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Abolitionists

Essay by mcrkilljoy 2233  •  January 18, 2016  •  Essay  •  814 Words (4 Pages)  •  575 Views

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After the American Revolution, it seemed like America was finally free from their oppressors, Great Britain. Even when they had their sense of freedom tested in the War of 1812, Americans still came out in top. It seemed that Americans were now truly free-well almost all Americans. Those other “people”, namely slaves, were still being held in captivity and forced to work for white people. And since slavery has been in America for a very long time, it seemed like there was no stopping it. Most people wanted to keep it going while others, abolitionists, wanted it to end. Though some abolitionists had peaceful solutions and others had more violent ones, their overall strategies created different reactions from American citizens.

With the first African slaves brought to America in 1619, slavery had steadily grown profitable for the people of the South. With the sudden success of crops like cotton and tobacco, the selling of slaves grew as well. Despite the rising interest in slaves, the process of selling them was a truly horrifying. At auctions, families were routinely split-up and constantly whipped if they refused to part with loved ones. The forceful separation of families like this was a horrific aspect of slavery.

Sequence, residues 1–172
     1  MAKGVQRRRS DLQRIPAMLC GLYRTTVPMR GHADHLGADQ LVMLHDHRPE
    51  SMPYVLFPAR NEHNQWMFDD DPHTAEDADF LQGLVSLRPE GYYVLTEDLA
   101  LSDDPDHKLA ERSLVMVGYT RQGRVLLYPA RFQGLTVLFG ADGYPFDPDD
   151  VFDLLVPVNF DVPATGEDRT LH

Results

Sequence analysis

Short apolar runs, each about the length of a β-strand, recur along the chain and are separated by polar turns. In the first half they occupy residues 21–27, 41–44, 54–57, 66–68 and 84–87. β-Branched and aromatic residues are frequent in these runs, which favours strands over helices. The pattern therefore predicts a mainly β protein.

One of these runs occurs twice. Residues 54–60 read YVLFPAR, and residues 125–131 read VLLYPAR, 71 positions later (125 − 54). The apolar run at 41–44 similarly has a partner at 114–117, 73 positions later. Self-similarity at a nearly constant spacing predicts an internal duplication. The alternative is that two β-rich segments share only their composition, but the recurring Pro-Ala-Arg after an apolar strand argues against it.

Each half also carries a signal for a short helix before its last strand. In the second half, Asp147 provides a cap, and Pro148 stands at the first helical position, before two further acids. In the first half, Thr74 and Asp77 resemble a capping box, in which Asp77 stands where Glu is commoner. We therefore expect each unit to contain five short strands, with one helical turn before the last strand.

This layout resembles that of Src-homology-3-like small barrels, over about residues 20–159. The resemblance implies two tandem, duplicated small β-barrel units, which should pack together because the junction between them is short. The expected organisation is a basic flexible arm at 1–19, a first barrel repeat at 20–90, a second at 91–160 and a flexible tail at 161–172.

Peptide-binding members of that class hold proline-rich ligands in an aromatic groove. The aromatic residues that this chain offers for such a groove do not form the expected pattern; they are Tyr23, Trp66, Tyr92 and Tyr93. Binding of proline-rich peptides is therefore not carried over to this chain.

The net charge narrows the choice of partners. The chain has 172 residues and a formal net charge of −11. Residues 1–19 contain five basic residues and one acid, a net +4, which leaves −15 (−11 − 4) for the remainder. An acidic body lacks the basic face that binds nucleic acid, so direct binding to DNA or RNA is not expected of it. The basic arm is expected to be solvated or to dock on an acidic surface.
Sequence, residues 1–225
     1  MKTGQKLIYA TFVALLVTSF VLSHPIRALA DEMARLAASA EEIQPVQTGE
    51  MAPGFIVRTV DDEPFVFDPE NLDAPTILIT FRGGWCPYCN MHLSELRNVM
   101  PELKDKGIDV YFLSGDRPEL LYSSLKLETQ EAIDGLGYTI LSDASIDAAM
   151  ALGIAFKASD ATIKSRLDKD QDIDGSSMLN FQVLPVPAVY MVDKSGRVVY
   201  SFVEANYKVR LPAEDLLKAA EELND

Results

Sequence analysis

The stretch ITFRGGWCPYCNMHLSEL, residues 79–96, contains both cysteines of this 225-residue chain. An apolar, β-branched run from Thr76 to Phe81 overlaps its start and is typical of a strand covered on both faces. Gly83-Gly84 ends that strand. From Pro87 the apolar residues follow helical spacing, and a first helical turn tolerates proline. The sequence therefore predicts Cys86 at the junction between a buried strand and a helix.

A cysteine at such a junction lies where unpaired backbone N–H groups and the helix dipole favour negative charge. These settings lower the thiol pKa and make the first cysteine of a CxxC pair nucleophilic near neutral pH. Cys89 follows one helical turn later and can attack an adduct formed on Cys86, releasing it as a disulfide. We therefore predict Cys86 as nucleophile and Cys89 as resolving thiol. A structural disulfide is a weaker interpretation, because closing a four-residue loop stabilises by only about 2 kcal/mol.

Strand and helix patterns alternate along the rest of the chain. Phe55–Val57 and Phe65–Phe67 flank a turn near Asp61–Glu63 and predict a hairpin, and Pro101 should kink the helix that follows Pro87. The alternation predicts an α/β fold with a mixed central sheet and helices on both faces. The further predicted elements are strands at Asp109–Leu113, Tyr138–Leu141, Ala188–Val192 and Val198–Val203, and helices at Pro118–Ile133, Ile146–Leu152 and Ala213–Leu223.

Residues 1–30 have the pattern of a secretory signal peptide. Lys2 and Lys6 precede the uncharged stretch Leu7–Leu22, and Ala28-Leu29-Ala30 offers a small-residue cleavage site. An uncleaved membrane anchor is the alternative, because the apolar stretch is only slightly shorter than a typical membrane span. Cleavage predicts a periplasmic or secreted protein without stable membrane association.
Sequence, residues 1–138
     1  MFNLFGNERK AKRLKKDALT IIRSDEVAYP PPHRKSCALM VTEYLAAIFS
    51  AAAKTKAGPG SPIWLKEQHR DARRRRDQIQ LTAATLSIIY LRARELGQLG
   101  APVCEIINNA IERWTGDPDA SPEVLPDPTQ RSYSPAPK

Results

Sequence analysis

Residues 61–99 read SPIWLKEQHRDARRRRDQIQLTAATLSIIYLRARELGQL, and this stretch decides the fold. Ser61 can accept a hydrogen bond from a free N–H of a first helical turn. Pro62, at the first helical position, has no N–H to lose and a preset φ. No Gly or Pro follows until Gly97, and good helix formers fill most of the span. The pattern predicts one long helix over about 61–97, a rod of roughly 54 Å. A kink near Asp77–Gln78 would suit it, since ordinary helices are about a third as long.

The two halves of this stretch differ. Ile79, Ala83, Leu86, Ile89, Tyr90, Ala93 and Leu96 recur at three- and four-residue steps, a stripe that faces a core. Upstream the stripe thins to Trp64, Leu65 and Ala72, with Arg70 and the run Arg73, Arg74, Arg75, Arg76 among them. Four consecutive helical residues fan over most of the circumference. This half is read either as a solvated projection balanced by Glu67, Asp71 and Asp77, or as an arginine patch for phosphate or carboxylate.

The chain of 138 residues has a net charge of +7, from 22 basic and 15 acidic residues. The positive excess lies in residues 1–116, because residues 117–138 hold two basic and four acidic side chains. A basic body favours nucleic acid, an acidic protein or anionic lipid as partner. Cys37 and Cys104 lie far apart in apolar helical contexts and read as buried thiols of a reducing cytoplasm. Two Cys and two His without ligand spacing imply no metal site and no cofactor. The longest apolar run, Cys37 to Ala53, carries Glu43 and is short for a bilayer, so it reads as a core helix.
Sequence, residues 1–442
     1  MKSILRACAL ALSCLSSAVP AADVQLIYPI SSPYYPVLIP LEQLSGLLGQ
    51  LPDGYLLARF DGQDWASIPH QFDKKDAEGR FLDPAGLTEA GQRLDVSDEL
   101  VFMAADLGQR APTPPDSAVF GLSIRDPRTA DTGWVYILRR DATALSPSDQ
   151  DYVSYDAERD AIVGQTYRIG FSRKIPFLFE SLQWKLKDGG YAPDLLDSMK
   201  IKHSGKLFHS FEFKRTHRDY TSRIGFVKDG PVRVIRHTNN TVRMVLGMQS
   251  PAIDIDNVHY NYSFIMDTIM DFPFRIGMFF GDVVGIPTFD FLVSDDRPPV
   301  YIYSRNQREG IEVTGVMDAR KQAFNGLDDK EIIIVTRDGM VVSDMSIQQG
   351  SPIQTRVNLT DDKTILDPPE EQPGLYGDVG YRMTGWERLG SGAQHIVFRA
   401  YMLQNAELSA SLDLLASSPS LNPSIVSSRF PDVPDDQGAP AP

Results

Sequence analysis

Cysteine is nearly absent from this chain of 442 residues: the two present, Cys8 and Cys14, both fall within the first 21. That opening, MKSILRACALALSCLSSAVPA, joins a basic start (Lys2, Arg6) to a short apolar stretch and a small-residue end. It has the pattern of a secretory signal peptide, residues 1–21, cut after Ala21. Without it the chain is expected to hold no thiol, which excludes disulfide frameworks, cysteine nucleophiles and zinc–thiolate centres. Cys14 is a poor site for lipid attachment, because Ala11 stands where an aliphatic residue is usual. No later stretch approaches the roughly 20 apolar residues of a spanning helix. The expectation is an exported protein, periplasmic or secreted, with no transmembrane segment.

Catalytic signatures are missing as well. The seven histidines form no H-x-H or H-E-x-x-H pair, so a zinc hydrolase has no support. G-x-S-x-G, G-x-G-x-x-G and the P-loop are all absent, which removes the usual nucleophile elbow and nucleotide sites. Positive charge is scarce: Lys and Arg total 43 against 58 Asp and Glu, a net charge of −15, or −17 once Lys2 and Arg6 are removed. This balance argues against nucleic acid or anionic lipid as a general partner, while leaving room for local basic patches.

The treatment of slaves at auctions and on plantations caught the attention of many who disagreed with these practices. Eventually societies with the “intent of abolishing slavery” were created and started to gain popularity, predominately in the North. Despite the fact that these “abolitionists” wanted to end slavery, they didn’t like blacks at all. In fact, they wanted them out of the country. And in 1817, The American Colonization Society was founded for this purpose. Though by 1860 all Southern slaves were no longer Africans, but native-born African-Americans, the plan to send them back didn’t fare well. But the idea continued appealed to some anti-slavery people, including Abraham Lincoln, until the time of the Civil War.

With the Liberia idea not working as planned, some abolitionists decided to use more radical forms instead. Many radicals believe that slaves should bear arms and fight against their oppressors similar to what Americans did almost 60 years ago . With the creation of the Liberator and the American Anti-Slavery Society, more radicals joined the movement. Eventually these radicals inspired some blacks to take action. Blacks like Sojourner Truth, and Frederick Douglass, took more practical stances similar to the peaceful abolitionists. Others, like Nat Turner, took more dangerous ones similar to their radical counterparts .

The South now realized how crucial the situation was and decided to strike back. All of the slave states tightened their slave codes and prohibited of any kind mention

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